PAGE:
By cutting the fiscal cliff deal they did, have the Republicans set themselves up to win big on the issue that really counts: cutting spending?
Peter Orszag argued as much yesterday, and Byron York continues the same argument today. By splitting the fiscal cliff into two different debates — one on taxes, the other on spending and debt — Republicans shed their worst political position with a one-off concession and can now concentrate on a political strength. Or at least that’s what they hope:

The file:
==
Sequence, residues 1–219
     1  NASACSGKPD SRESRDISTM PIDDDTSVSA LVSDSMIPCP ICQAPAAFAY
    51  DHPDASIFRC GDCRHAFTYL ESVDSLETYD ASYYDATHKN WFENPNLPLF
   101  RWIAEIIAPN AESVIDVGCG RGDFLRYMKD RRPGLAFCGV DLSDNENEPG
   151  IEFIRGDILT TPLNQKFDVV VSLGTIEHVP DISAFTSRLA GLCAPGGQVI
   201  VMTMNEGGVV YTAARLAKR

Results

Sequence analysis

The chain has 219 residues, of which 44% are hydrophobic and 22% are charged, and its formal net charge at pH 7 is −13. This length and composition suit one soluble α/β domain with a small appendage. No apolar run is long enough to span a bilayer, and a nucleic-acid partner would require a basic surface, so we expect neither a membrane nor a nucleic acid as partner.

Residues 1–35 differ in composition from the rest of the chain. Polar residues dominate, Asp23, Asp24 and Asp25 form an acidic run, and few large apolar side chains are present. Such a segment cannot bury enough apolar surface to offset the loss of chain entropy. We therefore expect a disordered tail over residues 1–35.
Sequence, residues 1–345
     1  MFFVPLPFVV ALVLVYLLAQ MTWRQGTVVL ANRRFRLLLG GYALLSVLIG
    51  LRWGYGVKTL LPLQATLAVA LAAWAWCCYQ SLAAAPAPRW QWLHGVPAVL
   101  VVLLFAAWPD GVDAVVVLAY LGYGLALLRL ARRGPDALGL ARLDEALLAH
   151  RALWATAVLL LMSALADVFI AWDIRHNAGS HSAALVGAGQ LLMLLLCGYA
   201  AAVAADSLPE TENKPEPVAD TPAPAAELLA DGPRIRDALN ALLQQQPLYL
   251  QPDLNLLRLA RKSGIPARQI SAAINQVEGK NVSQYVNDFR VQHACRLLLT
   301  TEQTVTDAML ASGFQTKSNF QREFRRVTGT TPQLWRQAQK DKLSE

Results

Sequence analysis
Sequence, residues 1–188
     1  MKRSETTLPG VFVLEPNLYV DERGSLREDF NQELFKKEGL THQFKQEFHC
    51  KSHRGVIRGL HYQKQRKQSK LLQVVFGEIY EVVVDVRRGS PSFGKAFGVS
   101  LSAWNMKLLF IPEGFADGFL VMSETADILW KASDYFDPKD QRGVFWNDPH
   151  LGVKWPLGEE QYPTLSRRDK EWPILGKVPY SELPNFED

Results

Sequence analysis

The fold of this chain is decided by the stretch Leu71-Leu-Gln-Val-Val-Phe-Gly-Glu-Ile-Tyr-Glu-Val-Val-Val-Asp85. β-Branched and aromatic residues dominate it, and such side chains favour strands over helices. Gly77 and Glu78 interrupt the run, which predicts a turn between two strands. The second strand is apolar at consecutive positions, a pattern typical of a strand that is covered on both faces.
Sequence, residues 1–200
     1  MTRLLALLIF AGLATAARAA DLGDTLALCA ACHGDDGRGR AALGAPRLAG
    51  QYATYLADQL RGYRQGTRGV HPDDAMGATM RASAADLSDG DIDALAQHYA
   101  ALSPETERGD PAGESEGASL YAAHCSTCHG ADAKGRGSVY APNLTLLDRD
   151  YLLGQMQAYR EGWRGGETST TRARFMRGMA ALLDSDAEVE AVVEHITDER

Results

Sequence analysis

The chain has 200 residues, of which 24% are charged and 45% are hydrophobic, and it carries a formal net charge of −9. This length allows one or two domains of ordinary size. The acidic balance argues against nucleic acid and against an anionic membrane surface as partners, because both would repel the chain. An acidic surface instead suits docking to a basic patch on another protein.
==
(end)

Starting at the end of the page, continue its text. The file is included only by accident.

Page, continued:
Their thinking was this: The GOP was on the wrong side of the polls in the battle over raising taxes on the highest earners. Surveys showed substantial public support for the president and Democrats on that issue. But Republicans are on the right side of the polls in the battle over fiscal responsibility. The GOP, the party trying to put sensible limits on Obama’s runaway spending, is better positioned to make the case for cuts.“We’re making a hard pivot to spending,” says a senior GOP Senate aide. “Our view is that the revenue question has now been settled. It’s behind us. Now we fight on spending, and we’ve got two good opportunities to do so coming up — the debt limit and the continuing resolution.”The Republican strategy is more than just positioning. It’s the right thing to do. Everybody knows Obama’s tax increases will do little to reduce deficits in coming years; they’ll add about $60 billion in revenue a year, turning a $1.2 trillion deficit into a $1.14 trillion deficit. And everybody knows entitlement spending is on its way to eating the entire federal budget. It has to be reduced or disaster awaits.